Gen Zer Wonders When They'll Feel Like A 'Real Adult' — 'I Don't Feel In Control Of My Life'

How we measure adulthood depends on so many factors.

young woman smiling Brooke Cagle / Unsplash

From tween-hood to edging along the cusp of their late 20s, Gen Zers are in a tender era of figuring out their identities amidst a world in upheaval.

Members of Gen Z were born between 1997 and 2012, placing them between the ages of 12 and 27. They’re starting high school, graduating college, and going into the workforce, all while questioning their role in society.

A Gen Z’er wondered when they’ll feel like a ‘real adult,’ revealing that they don’t feel in control of their own life.

They wrote to the subreddit r/GenZ, seeking guidance on what makes other people feel like they’re grown.


"Do any of y’all feel like real adults?" they asked. "I’m young 20s, and everybody still continues to ask about my life plans. I know I do NOT need to rush to figure my life out all at once, but at what age will I start to feel like I am mature and a real adult?"

“I guess I need to move out of my parents’ house after college to start,” they added before asking, “Can you be your own adult and still live with your parents?”

The question touches on the intertwined issues of cultural pressures and social expectations. Typically, the U.S. is structured in a way where people move out once they turn 18, launching their lives as supposedly independent members of society. 

@ben.askins More young adults than ever are still living with their parents. Something has got to change. #millennial #genz #costofliving ♬ original sound - Ben Askins

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Yet in other countries around the world, it’s entirely common and expected for young adults to live in their family homes until they’re more established, both financially and in an emotionally mature sense.

The Gen Zer seemed to internalize pressure from society to know exactly what their future holds, which is an almost impossible question — one that tends to set young people up to feel anxious and disappointed.


"I do not feel very in control of my life," the Gen Zer explained, echoing how many young people feel. “When will I become an adult in this society rather than still feel and be treated like a kid?”

They received responses across a wide age range, from people in their mid-20s to those in their 60s, and the message was fairly consistent: Adulthood is mercurial, and most people are just faking it until they make it.

“I don’t necessarily think that being an adult is a feeling because it’s totally OK to feel attached to childhood [and] youth,” one person wrote. “I think adulthood is just a constant state of figuring it out and trying to deal with life changes.”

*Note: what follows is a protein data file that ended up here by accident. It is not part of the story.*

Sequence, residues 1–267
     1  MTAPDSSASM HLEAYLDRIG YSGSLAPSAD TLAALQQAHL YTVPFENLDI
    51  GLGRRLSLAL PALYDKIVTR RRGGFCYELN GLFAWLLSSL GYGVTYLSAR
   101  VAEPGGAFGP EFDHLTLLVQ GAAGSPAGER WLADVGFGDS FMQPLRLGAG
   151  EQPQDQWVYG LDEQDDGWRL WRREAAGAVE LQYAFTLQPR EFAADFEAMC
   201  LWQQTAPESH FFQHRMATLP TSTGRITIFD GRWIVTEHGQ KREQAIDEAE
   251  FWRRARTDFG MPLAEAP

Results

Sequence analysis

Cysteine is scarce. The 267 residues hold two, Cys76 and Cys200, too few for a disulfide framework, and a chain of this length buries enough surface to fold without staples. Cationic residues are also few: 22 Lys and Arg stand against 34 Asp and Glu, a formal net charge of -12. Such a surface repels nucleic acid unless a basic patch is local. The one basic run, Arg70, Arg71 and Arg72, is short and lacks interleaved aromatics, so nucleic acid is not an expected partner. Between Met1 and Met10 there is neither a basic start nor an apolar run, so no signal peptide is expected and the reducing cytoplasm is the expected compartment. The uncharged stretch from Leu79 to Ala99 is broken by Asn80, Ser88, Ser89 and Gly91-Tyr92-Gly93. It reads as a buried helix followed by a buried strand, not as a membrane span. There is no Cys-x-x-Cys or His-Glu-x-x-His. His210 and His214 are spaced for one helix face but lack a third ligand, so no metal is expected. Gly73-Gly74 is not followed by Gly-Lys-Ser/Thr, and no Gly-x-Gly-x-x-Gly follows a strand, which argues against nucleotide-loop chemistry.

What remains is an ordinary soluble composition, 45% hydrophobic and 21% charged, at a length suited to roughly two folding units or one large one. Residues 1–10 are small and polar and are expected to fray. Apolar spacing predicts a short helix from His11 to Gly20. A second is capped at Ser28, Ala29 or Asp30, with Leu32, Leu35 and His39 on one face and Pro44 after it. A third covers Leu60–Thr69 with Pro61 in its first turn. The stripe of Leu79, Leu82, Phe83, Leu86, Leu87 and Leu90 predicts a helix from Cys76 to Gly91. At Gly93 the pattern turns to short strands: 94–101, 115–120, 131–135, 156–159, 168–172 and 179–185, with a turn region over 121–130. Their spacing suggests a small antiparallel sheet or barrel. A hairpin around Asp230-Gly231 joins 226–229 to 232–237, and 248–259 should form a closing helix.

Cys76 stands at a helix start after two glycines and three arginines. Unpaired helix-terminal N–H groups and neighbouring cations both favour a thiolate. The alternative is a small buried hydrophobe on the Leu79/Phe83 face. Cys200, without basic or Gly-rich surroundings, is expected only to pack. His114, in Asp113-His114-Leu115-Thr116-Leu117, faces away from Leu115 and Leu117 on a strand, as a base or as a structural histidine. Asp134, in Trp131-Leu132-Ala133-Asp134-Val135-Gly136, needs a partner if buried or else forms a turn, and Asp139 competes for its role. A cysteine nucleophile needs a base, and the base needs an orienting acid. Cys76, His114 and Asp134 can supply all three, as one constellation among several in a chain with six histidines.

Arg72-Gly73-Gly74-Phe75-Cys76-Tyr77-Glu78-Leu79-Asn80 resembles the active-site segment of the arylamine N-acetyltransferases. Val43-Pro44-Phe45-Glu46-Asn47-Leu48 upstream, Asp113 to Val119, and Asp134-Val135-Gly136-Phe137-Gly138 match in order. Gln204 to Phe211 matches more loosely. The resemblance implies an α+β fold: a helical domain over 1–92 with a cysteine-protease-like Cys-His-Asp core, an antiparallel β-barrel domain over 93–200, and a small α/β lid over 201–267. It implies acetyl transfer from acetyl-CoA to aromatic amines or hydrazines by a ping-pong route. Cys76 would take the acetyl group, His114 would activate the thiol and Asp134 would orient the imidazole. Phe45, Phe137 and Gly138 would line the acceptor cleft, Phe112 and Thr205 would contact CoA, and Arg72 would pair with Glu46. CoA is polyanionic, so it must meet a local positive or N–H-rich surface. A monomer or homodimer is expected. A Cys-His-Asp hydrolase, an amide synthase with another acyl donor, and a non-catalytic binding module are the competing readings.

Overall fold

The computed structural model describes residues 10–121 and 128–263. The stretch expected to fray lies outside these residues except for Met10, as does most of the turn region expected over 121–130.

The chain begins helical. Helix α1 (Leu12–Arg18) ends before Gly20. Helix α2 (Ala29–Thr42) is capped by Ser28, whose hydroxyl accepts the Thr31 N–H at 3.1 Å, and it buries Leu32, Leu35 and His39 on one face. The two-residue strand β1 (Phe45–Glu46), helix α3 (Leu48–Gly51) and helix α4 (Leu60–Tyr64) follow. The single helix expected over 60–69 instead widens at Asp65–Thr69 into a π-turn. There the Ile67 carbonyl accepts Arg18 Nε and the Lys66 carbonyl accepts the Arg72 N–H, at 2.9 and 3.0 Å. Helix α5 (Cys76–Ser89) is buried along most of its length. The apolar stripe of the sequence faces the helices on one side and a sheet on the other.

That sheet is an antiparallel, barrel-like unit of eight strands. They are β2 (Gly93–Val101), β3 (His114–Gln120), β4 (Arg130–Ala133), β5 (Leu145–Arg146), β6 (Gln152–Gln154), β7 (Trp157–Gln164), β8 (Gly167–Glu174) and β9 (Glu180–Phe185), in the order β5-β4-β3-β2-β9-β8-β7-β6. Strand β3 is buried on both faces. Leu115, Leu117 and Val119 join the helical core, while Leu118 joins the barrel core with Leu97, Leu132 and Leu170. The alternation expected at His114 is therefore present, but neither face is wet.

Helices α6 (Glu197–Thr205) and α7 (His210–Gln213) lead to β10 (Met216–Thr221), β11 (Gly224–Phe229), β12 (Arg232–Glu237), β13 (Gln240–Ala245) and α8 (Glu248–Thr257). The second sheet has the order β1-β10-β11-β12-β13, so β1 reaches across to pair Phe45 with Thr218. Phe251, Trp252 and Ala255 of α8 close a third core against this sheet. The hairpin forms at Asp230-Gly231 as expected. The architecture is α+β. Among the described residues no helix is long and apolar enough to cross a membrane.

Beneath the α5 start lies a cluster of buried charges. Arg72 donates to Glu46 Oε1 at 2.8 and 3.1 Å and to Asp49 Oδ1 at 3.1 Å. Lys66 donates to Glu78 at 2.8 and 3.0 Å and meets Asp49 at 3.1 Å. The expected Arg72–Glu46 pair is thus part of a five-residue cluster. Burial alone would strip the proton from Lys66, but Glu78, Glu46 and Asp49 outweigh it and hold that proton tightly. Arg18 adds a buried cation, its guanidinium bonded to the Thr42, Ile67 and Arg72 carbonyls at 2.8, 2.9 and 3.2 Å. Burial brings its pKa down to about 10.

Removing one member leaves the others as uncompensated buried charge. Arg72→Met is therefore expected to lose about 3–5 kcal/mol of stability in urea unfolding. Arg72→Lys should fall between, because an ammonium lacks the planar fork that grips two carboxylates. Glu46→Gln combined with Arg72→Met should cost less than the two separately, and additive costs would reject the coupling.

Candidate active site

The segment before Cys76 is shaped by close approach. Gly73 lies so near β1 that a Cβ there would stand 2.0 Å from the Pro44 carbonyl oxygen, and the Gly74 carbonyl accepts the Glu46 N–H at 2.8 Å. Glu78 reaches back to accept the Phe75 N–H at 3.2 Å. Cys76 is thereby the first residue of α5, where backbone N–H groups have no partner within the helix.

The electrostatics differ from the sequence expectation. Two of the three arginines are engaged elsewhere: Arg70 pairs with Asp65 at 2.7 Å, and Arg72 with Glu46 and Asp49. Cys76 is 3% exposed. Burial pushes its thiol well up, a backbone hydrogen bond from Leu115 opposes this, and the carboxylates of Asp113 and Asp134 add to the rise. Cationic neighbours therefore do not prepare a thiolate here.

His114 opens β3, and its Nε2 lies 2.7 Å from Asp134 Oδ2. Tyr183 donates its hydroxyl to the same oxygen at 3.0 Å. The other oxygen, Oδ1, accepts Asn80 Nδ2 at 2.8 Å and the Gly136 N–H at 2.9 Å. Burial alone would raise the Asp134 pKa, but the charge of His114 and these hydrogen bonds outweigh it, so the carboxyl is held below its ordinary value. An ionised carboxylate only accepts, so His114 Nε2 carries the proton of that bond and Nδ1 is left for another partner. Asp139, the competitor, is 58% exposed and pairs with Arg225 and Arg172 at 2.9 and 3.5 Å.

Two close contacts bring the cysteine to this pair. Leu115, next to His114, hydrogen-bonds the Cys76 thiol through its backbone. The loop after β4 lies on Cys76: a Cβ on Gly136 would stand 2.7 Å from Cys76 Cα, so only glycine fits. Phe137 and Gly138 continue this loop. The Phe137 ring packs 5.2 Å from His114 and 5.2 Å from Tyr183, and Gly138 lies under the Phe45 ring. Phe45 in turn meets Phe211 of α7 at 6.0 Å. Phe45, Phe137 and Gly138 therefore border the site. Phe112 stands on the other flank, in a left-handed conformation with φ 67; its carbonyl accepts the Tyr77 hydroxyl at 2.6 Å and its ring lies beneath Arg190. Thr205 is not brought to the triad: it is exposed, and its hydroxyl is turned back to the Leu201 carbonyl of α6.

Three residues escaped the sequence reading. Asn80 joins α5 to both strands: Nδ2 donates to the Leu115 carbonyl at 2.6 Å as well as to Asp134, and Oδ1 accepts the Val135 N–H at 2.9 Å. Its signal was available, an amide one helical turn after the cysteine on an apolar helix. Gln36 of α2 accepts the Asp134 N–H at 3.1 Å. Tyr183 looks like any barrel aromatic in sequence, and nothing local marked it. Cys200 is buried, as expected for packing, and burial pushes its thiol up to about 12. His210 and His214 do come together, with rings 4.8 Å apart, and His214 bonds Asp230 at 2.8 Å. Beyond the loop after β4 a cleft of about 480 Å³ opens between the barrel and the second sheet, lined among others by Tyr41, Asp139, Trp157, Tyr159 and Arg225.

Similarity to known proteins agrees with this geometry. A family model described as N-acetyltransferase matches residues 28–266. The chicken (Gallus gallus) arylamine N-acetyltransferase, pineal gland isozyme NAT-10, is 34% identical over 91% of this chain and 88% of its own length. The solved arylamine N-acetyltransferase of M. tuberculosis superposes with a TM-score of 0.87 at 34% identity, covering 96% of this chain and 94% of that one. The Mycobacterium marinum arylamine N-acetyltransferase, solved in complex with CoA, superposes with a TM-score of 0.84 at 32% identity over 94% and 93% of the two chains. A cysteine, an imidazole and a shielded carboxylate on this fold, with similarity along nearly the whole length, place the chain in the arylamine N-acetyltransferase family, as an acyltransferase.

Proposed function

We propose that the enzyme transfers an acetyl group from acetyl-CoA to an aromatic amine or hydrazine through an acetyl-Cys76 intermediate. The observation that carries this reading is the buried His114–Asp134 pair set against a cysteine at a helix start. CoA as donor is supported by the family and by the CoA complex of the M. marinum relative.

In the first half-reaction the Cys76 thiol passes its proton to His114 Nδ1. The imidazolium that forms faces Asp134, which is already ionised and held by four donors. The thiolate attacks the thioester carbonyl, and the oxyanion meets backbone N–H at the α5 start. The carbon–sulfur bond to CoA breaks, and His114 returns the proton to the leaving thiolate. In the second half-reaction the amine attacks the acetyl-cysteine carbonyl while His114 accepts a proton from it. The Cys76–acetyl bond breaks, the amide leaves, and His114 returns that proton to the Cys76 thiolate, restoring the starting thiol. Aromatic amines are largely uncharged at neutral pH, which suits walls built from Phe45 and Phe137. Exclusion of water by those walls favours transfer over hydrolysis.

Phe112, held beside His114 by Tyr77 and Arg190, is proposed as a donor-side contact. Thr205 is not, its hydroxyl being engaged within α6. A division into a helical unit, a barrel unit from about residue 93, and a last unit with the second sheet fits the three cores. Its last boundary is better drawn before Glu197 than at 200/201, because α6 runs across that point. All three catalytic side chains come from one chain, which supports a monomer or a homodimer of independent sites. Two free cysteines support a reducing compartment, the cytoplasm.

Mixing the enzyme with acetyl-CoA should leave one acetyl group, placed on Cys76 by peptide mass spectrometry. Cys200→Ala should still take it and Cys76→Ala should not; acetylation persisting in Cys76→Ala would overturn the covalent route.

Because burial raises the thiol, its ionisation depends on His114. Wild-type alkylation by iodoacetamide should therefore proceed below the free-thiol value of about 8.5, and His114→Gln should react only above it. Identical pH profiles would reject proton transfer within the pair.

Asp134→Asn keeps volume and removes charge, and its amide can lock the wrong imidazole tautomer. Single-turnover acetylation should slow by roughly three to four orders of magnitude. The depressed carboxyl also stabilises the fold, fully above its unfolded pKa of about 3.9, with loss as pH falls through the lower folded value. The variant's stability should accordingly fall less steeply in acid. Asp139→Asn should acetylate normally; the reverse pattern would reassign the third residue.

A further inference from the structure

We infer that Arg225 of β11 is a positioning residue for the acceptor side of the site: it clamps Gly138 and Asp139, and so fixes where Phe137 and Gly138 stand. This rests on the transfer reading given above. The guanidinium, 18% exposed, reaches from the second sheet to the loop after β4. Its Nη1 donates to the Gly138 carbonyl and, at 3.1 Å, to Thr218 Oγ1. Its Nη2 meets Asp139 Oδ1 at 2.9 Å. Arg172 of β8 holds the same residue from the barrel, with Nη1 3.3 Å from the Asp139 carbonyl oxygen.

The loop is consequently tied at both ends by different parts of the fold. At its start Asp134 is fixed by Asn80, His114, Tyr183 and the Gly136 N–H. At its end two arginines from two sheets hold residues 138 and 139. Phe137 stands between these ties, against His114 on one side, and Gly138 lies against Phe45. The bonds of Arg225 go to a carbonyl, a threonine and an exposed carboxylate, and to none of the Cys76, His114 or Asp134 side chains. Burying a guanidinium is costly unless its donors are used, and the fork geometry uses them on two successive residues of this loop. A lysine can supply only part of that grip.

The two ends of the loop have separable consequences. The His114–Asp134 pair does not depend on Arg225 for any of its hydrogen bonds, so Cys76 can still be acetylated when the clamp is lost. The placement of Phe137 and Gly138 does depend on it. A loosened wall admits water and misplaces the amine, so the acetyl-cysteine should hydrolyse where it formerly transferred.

“You are definitely far from alone,” another user commented, then offered words of encouragement on how to navigate the future.


don't feel bad if you don't feel like an adult

♬ original sound - Contra Tenore

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“You are also definitely quite capable of coping with everything that comes your way,” they said. “As time goes on, you'll keep learning more and more, and you'll keep getting more and more confident.”

“I'm in my 60s, and that feeling has never gone away,” they revealed. “Seriously, you are a much better person than you might sometimes think. Never forget that.”

A third Redditor noted that everyone’s journey looks different, and no one route is better than any other.

“Just because you’re following a so-called ‘non-traditional path’  in life compared to older generations doesn’t mean you’re not an adult,” they explained. “There’s plenty of time in life to learn how to pay rent and utilities, work however many jobs, and be that so-called ‘real adult.’ You’ll figure stuff out when you get there, however long it takes.”


Their comment recognized just how drastically the world has changed in the decades since Boomers were young.

Millennials and Gen Zers have faced increasingly oppressive structural roadblocks to reaching the same heights of independence and economic success as older generations, such as crushing student loan debt, increased inflation, and wage stagnation — all while being told the economy is actually thriving.

@theageaustralia The cost of living is hitting Gen Z the hardest. Finder’s new cost of living report shows the generation feeling the greatest financial burden is Generation Z. Journalist Abbir Dib explains why. Read the story by clicking the link in our bio.#housingcrisis #australia #rent #rentalmarket #melbourne #sydney #genz #generationz #millennial #costofliving ♬ Chill Vibes - Tollan Kim

Gen Z is in a unique position, considering big-picture issues like climate change and economic instability, as they figure out their individual places in the world.


The Gen Zer updated their post to thank everyone for the advice, which “Really helped me put things in perspective and not continue to stress for now.” They shared their plan to revisit the responses throughout their life, “To gather some calm and to remember to just keep on keeping on."

They’re already easing into their adulthood by giving themselves grace and standing strong in the knowledge that they don’t have to figure everything out at once. 

RELATED: Gen Z Worker Says His Goal Is To ‘Descend The Corporate Ladder’ To Avoid Spending His Salary On Therapy Due To Job Stress

Alexandra Blogier is a writer on YourTango's news and entertainment team. She covers social issues, pop culture, and all things to do with the entertainment industry.